Endless news cycles. 24/7 digital connectivity. Workplace burnout. Daily life can sometimes feel overwhelming. In 2023, The Guardian reported on “The Great Resignation,” a trend that began on TikTok and continues to sweep through workplaces as employees reassess their work life balance to prioritise mental wellbeing. But what happens when people take a step back? The act of pausing is central to the 2023 Getxophoto International Image Festival, which explores the political act of inactivity. Twenty four projects from artists based in countries including Britain, Ecuador, Japan and Morocco reimagine breaks as gestures of rebellion and resistance. Throughout the event, curator María Ptqk (b. 1976) invites visitors to “demand the right to be unproductive” and consider the potential benefits of nothingness. We take a closer look at 5 photographers reflecting on this mindset through their work.
A Google search of “Lesbos” reveals golden sands, clear waters and green coves – an ideal holiday destination. In 2018, multi-disciplinary artist Esmeralda Kosmatopoulos (b. 1981) split her time on the Greek island between holidaying and volunteering at the Moria refugee camp. Thirty one photographs document the daily changes to the horizon during this period, representing conflicting feelings of joy and emptiness. White squares mirror Murray Fredericks’ ethereal horizons, yet Kosmatopoulos’ scenes ask viewers to reflect on the stories that lie beneath, rather than basking in the splendour of the vast ocean.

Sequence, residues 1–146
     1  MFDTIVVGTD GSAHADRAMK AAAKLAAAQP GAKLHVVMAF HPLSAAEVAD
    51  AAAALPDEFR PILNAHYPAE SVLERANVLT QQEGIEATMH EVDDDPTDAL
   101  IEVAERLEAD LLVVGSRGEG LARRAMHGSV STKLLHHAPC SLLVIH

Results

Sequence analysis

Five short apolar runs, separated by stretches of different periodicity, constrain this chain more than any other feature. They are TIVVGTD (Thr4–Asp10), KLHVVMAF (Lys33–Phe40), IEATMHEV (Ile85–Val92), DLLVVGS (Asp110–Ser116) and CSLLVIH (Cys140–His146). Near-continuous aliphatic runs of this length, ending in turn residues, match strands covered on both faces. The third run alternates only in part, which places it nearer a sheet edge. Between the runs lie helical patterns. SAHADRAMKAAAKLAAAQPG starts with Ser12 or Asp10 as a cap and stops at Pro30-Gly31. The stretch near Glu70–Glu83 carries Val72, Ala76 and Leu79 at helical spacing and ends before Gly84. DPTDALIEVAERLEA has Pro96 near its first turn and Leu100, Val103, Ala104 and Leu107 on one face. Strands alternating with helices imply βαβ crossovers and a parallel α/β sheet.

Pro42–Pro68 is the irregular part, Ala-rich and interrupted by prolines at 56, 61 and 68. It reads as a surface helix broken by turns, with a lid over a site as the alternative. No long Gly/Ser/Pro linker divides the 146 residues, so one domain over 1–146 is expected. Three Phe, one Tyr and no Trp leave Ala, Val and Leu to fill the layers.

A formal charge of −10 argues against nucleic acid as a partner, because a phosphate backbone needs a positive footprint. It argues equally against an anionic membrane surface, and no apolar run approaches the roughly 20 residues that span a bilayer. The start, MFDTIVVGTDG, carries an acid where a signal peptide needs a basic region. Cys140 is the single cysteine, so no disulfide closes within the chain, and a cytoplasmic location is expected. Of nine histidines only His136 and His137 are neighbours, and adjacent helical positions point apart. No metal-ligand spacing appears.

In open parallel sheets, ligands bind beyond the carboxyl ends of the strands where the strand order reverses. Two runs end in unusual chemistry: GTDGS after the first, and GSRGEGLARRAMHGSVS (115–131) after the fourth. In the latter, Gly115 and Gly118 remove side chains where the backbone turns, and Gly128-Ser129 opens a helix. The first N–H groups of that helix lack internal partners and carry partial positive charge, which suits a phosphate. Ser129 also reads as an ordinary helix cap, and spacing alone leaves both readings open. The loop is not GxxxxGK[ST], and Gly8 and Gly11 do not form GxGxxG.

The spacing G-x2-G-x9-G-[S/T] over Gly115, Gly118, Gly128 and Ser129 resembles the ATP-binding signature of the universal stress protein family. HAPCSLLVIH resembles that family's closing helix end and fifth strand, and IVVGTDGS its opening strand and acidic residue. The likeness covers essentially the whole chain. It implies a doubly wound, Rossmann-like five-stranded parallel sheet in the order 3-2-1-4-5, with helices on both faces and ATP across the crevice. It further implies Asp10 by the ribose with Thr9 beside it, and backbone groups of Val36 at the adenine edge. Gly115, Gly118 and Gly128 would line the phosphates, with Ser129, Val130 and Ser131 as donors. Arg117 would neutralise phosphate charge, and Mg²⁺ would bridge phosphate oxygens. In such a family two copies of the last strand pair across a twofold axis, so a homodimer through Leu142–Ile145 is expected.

There are more than 50 million influencers around the world, according to Forbes, with #Influencer amassing 44.8 million posts on Instagram alone. From videos of shopping haul try ons to promotional posts of new products, these content creators have a huge impact on society and ideas of success. Japanese artist Haruhiko Kawaguchi (b. 1971), who uses the pseudonym Photographerhal, responds to the grip of consumerism and achieving perfection in a collection of deeply disturbing portraits. Couples, families and friends huddle together under a plastic façade. The effect is suffocating and claustrophobic.
In 2021, Netflix series The Minimalists: Less is Now saw authors Joshua Fields Millburn and Ryan Nicodemus instruct viewers on the benefits of rejecting materialistic tendencies. Maider Jiménez (b. 1992) scrutinises society’s obsession with objects, navigating her home city of Vitoria-Gasteiz to record simple, fleeting moments. Trees sway in the breeze, fingers cast shadows on walls, bushes shed their foliage, ready for the next season. Through these images, perspectives are realigned to dispel doubt or frustration, asking what it means to see and experience the world with new eyes and a clear mind.
Morocco is home to the largest oasis in the world: Tafilalet. The region stretches across an area of 77,000 km2, yet the ecosystem is under threat. Rising global temperatures and the overuse of aquifers – a layer of underground rock that holds water – is leading to the depletion of abundant water sources, fertile soil and date palms, three elements that are crucial for biodiversity. Casablanca-based M’hammed Kilito (b. 1981) examines the decline of oases in the south-west of the country, whilst highlighting the work of local activists who are battling again depopulisation and the overuse of natural resources.
“Revenge is a kind of wild justice; which the more people’s nature runs to, the more ought the Law to weed it out,” wrote philosopher Francis Bacon in his essay Of Revenge (1625). Brazilian photographer Lucas Bambozzi (b. 1976) responds to these words, imagining a world where trees seek vengeance. The artist relays this cautionary story through photo novel, images, installation and video relay, reconsidering the symbolism of vehicles. Cars are seized by branches and leaves. Hanging in mid-air, the status associated with these machines begins to morph, becoming a symbol of environmental harm and selfishness.
Getxophoto | 1-25 June
Words: Saffron Ward
1. Esmeralda Kosmatopoulos, It is Always Summer Somewhere
2. Photographeral, Flesh Love
3. Maider Jiménez, Aquí ninguén fala diso
4. M’Hammed Kilto, Before It’s Gone
5. Lucas Bambozzi, A vingança é uma espéciede justiça selvagem